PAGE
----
U.S. CitiesCity-Data Forum Index
Go Back   City-Data Forum > General Forums > Work and Employment
 [Register]
Please register to participate in our discussions with 1.5 million other members - it's free and quick! Some forums can only be seen by registered members. After you create your account, you'll be able to customize options and access all our 15,000 new posts/day with fewer ads.
Jump to a detailed profile or search
site with Google Custom Search

Search Forums  (Advanced)
Business Search - 14 Million verified businesses
Search for:  near: 
Reply Start New Thread
 
Old 02-28-2012, 09:53 PM
 
Location: NJ
2,197 posts, read 4,152,487 times
Reputation: 2005
Unhappy Modern Day Sweatshop, American Workers

It's sad to think we've regressed to this standard, and we are all culpable:

I Was a Warehouse Wage Slave | Mother Jones

"We are surrounded by signs that state our productivity goals. Other signs proclaim that a good customer experience, to which our goal-meeting is essential, is the key to growth, and growth is the key to lower prices, which leads to a better customer experience. There is no room for inefficiencies. The gal conducting our training reminds us again that we cannot miss any days our first week. There are NO exceptions to this policy. She says to take Brian, for example, who's here with us in training today. Brian already went through this training, but then during his first week his lady had a baby, so he missed a day and he had to be fired. Having to start the application process over could cost a brand-new dad like Brian a couple of weeks' worth of work and pay. Okay? Everybody turn around and look at Brian. Welcome back, Brian. Don't end up like Brian."



"......But lots of warehousing and distribution centers like this also use temps year-round. The Bureau of Labor Statistics found that more than 15 percent of pickers, packers, movers, and unloaders are temps. They make $3 less an hour on average than permanent workers. And they can be "temporary" for years. There are so many temps in this warehouse that the staffing agency has its own office here. Industry consultants describe the temp-staffing business as "very, very busy." "On fire." Maximizing profits means making sure no employee has a slow day, means having only as many employees as are necessary to get the job done, the number of which can be determined and ordered from a huge pool of on-demand labor literally by the day. Often, temp workers have to call in before shifts to see if they'll get work. Sometimes, they're paid piece rate, according to the number of units they fill or unload or move. Always, they can be let go in an instant, and replaced just as quickly."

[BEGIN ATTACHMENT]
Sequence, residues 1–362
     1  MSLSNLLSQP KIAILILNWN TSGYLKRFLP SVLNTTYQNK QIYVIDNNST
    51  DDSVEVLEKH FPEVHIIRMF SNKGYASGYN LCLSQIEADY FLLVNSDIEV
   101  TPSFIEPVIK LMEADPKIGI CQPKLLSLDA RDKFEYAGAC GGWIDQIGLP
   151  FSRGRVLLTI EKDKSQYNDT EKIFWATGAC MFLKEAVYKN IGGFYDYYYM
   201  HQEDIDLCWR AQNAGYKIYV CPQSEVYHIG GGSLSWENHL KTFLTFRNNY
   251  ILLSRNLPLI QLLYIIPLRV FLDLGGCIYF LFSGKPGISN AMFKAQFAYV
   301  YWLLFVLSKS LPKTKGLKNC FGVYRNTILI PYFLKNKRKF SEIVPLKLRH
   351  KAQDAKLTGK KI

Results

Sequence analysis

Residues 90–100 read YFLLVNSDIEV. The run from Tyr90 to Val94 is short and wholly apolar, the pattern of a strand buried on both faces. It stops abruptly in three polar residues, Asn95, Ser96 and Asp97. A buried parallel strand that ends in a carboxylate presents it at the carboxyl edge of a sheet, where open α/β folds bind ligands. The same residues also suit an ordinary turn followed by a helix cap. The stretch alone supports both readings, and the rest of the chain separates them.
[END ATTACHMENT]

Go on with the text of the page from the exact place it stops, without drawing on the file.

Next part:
"........I'll admit that I did start crying a little. Not at work, thankfully, since that's evidently frowned upon, but later, when I explained to someone over Skype that it hurts, oh, how my body hurts after failing to make my goals despite speed-walking or flat-out jogging and pausing every 20 or 30 seconds to reach on my tiptoes or bend or drop to the floor for 10.5 hours, and isn't it awful that they fired Brian because he had a baby, and, in fact, when I was hired I signed off on something acknowledging that anyone who leaves without at least a week's notice—whether because they're a journalist who will just walk off or because they miss a day for having a baby and are terminated—has their hours paid out not at their hired rate but at the legal minimum. Which in this state, like in lots of states, is about $7 an hour. Thank God that I (unlike Brian, probably) didn't need to pay for opting into Amalgamated's "limited" health insurance program. Because in my 10.5-hour day I'll make about $60 after taxes.

"This is America?" my Skype pal asks, because often I'm abroad.

Indeed, and I'm working for a gigantic, immensely profitable company. Or for the staffing company that works for that company, anyway. Which is a nice arrangement, because temporary-staffing agencies keep the stink of unacceptable labor conditions off the companies whose names you know."
Reply With Quote Quick reply to this message

 
Old 02-28-2012, 10:05 PM
 
42 posts, read 39,016 times
Reputation: 14
We all are dead.
Reply With Quote Quick reply to this message
 
Old 02-29-2012, 06:26 AM
 
2,000 posts, read 2,565,591 times
Reputation: 1561
I guess it depends on what a "sweatshop" is.

Personally, I think the folks who are making all of our cheap crap in China are truly working in sweatshops.

Extremely low pay, put into company dormitories with 10+ people in each small room, no breaks, never changing any job so the jobs are so repetitive that people get debilitating soft tissue and bone injuries to the point where they can no longer use their hands aka no OSHA or ergonomics, and the list could go on.